The Japanese denied water to their prisoners of war, even though springs were located all along the road. Men driven mad by thirst plunged into disease-infested mud pits, only to be shot or beaten. Those who survived soon came down with any number of diseases, from pellagra to dysentery. Some received food the first night, but it was little more than a ball of rice, at best. Many went without any food or water for the many days it took to complete the march.

By the second day, the worn and battered men, many of them marching the dusty roads in their bare feet, began to fall. The march quickly became a matter of survival of the fittest, though there are many accounts of lives being saved by selfless acts.

Some of the men were carried into San Fernando by friends and comrades from their units. Upon arrival in San Fernando, the men were packed into cramped boxcars and taken by train to Camp O’Donnell. Those too weak to go further died in the boxcars, overcome by the heat. Survivors were then forcibly marched another five miles to Camp O’Donnell.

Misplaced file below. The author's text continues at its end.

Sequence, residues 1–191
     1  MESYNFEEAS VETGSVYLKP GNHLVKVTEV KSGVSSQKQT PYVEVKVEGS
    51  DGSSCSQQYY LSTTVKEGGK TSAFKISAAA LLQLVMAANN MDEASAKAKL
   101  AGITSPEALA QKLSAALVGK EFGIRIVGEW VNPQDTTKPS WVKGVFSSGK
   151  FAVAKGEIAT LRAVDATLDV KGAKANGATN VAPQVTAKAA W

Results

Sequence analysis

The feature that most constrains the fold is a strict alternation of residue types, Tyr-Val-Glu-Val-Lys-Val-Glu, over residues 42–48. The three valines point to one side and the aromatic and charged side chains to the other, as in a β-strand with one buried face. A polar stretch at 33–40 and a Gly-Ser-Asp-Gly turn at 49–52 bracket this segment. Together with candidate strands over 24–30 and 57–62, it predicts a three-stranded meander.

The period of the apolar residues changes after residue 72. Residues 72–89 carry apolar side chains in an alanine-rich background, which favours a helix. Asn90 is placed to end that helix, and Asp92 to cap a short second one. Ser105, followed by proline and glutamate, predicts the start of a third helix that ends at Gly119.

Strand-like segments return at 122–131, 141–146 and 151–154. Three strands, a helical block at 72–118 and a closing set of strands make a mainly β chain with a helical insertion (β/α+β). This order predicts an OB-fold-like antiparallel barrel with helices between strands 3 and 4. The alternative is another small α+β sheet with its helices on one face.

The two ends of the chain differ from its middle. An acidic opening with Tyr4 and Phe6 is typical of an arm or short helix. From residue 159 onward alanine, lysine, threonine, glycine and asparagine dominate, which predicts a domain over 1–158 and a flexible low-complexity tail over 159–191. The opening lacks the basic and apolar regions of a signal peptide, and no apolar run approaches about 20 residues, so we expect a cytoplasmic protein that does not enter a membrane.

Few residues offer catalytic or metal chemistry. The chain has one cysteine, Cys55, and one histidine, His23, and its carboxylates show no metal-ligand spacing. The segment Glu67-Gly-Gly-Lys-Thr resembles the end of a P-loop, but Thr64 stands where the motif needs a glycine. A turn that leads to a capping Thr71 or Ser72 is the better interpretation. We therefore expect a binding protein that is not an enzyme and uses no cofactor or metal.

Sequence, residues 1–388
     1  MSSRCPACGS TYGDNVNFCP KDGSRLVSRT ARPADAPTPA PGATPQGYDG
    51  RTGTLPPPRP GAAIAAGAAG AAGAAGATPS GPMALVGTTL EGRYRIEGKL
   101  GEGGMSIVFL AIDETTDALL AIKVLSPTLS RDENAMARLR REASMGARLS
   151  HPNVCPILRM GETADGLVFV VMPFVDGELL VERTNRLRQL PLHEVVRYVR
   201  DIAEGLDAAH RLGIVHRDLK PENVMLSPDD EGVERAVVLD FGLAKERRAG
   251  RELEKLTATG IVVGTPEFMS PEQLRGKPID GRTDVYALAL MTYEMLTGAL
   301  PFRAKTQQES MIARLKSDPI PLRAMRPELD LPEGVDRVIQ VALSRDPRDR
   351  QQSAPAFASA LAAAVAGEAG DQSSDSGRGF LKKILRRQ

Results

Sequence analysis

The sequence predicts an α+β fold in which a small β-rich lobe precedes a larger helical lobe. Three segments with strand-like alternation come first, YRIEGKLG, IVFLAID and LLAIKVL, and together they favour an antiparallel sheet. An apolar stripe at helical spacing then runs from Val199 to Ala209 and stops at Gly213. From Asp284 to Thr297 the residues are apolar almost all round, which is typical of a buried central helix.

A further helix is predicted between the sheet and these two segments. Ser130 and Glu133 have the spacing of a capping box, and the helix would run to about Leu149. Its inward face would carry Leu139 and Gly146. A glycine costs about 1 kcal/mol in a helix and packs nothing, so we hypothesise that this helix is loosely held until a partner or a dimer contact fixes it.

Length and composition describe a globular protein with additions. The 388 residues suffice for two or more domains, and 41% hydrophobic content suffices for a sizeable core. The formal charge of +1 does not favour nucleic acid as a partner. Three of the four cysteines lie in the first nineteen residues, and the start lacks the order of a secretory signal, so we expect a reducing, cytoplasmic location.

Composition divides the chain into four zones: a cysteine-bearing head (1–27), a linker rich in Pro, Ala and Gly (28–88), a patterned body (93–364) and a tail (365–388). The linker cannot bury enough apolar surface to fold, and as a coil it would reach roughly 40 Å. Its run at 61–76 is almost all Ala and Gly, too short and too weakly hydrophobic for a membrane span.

Camp O’Donnell

Replica POW camp guard towers and hut.Those who were glad the march was over found no relief at Camp O’Donnell. A camp ground possibly designed for less than 10,000 people was now packed with 50,000 diseased and starved American and Filipino prisoners of war. The POWs were greeted by the Japanese commandant of Camp O’Donnell, who, as one survivor later recalled, gave the survivors a chilling and short speech: “We are enemies. We shall always be enemies. The only thing I am concerned of is how many of you are dead every morning.”

Another American survivor recalled: “The camp was beyond description. There was no water, and the dead and dying were everywhere. We dug straddle trenches for latrines, which soon turned foul. The rice we were given was watery and worm-infested. All night long, dying soldiers screamed as their temperatures rose from dysentery and malaria.”